19 June 2018

Lawrence Jones MBE taking time out in Verbier. Social media.How often do you share your life on social media?

It’s all too easy to become caught in a cycle of one-upmanship, of sharing every aspect of your life on social media to keep up with and compete with your peers. But what’s the real value of what you are sharing?

The ‘new home’ photograph with geotags or location enabled, combined with your ‘countdown to holiday’ post suddenly gives anyone who’s looking your address and information about when your home is empty. Equally, posting a selfie at work with your security pass in the image is handing fraudsters a vital piece of information to replicate.

I remember a few years ago we were setting up a surprise event for the UKFast team. I posted an image or two of the stage going up, building the surprise of where the event would be and what it was all about. A matter of hours later, a few of our cybersecurity team replied to the post with a selfie of them by the stage! They’d looked into the geo-data of the image and found the site. To say that was an eye-opener is an understatement.

Nowadays, 83% of fraud occurs online. It’s no coincidence that this number is rising as social media user numbers rises.

More often than not, staying safe online comes down to common-sense actions that are simply forgotten. Here is a reminder…

Check your privacy settings

Who can see the posts you share? It’s good practice to review your social media settings at least once a quarter to check in with who can see what you share online. It’s easier than ever to customise your privacy settings on each platform to lock down your information. Of course, after the Cambridge Analytica scandal earlier this year, it’s clear that we never really know who can access our data, so it’s always better to err on the side of caution. The more you share, the more at risk of identity fraud you are, it’s that simple.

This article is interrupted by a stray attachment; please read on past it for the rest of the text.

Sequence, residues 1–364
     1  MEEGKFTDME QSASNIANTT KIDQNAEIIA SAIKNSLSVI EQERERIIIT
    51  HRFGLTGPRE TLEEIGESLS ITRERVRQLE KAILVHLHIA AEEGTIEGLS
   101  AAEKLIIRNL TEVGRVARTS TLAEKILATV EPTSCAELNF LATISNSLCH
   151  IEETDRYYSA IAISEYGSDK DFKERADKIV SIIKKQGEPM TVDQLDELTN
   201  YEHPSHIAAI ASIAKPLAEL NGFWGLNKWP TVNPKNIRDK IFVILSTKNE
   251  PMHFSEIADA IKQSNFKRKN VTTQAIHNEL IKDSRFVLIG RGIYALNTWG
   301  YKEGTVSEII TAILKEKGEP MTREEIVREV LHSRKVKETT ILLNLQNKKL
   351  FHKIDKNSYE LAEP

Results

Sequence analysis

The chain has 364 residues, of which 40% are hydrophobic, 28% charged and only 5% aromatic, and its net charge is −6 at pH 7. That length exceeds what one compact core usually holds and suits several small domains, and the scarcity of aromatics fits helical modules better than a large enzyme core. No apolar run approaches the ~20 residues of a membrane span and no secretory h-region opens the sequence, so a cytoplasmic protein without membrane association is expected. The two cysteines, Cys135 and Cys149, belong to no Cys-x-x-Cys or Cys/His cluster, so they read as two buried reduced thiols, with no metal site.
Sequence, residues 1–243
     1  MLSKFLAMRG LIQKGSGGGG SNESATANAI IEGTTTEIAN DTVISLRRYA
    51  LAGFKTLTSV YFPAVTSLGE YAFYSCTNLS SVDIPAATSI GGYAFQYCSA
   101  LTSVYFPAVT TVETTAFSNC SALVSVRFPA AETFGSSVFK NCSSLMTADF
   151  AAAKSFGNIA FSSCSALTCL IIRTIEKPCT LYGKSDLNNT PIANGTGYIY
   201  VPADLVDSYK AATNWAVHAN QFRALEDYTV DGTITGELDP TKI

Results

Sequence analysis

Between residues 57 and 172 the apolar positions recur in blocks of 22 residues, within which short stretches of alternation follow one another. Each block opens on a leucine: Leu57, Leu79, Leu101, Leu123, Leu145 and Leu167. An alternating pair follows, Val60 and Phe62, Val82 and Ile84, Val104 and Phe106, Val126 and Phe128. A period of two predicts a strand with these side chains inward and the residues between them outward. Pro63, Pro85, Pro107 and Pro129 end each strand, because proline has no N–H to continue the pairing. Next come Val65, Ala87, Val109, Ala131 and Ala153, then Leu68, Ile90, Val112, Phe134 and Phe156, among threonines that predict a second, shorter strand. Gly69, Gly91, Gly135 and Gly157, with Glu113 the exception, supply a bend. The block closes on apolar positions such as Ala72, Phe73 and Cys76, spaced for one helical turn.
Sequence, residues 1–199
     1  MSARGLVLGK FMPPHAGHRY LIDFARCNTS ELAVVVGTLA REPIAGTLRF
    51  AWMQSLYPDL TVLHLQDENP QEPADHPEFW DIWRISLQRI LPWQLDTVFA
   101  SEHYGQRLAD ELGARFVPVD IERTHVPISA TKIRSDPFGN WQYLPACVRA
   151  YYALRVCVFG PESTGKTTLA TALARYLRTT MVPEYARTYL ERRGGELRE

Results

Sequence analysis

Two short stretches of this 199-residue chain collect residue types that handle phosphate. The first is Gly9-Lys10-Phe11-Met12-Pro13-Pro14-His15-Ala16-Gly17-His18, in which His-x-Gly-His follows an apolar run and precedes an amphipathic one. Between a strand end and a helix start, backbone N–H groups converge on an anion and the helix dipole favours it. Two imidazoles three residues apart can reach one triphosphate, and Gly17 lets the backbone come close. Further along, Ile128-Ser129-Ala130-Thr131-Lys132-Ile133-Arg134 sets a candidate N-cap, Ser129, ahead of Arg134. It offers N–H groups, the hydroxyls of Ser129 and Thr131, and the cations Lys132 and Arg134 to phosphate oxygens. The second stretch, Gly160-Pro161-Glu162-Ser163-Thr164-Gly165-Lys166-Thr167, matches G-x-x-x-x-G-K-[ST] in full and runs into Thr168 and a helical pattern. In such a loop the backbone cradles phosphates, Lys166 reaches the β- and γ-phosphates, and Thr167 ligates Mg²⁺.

Do you know what you’re sharing?

Behind the nice images and posts, there may be a lot of hidden data. The metadata hides a whole host of information from geotags to timestamps (sharing where you were and when), and even the device the image was taken on. Whilst some networks delete metadata of this sort, not all services do.

What’s in the background?

Do you have a password on a post-it by your screen? Firstly, that’s a terrible idea! Secondly, is that password post-it in the background of that lovely photograph of your #deskbreakfast that you shared on Instagram this morning? What’s on the computer screen behind your colleague’s head in your latest work selfie? Being aware of what’s in an image or video is half of the battle.

Limit your information

Whilst it seems like we’re obliged to input every single detail in the fields in social media profiles, actually, we’re not. The majority of this information is optional. When you really think about it, you’re handing your data over on a plate when you complete these forms: where you went to school, where you currently live and where you’ve lived in the past, your relatives’ names (and their maiden names if they’re on the platform too – hello, password clues), your pets, your interests, your date of birth. When your profile is public, this information is ripe for the taking by cyber-fraudsters.

These are just a few of the key tips to securing the basics of your personal social media profiles. Share your top tips in the comments below.

If you’re concerned about cybersecurity, particularly for your business, come along to our exclusive Unlocked event in July. One-on-one advice and insight from the experts. Take a look at the website for more information.

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